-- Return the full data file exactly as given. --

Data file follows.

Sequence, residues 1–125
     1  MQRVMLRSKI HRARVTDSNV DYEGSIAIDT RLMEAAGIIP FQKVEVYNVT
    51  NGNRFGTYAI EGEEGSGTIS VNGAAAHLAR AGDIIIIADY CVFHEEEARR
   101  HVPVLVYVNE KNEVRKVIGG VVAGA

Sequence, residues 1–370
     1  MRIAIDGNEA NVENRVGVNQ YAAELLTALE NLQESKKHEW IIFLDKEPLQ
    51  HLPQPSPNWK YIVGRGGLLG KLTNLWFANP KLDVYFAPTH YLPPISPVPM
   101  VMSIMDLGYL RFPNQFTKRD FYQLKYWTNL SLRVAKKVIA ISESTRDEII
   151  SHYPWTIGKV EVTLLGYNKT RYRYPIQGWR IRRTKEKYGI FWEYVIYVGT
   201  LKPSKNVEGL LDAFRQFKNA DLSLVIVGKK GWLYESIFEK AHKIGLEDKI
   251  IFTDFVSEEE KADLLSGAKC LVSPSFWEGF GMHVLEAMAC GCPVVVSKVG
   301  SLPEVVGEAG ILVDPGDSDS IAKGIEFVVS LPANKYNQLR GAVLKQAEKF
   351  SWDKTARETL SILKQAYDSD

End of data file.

Sequence, residues 1–125
     1  MQRVMLRSKI HRARVTDSNV DYEGSIAIDT RLMEAAGIIP FQKVEVYNVT
    51  NGNRFGTYAI EGEEGSGTIS VNGAAAHLAR AGDIIIIADY CVFHEEEARR
   101  HVPVLVYVNE KNEVRKVIGG VVAGA

Sequence, residues 1–370
     1  MRIAIDGNEA NVENRVGVNQ YAAELLTALE NLQESKKHEW IIFLDKEPLQ
    51  HLPQPSPNWK YIVGRGGLLG KLTNLWFANP KLDVYFAPTH YLPPISPVPM
   101  VMSIMDLGYL RFPNQFTKRD FYQLKYWTNL SLRVAKKVIA ISESTRDEII
   151  SHYPWTIGKV EVTLLGYNKT RYRYPIQGWR IRRTKEKYGI FWEYVIYVGT
   201  LKPSKNVEGL LDAFRQFKNA DLSLVIVGKK GWLYESIFEK AHKIGLEDKI
   251  IFTDFVSEEE KADLLSGAKC LVSPSFWEGF GMHVLEAMAC GCPVVVSKVG
   301  SLPEVVGEAG ILVDPGDSDS IAKGIEFVVS LPANKYNQLR GAVLKQAEKF
   351  SWDKTARETL SILKQAYDSD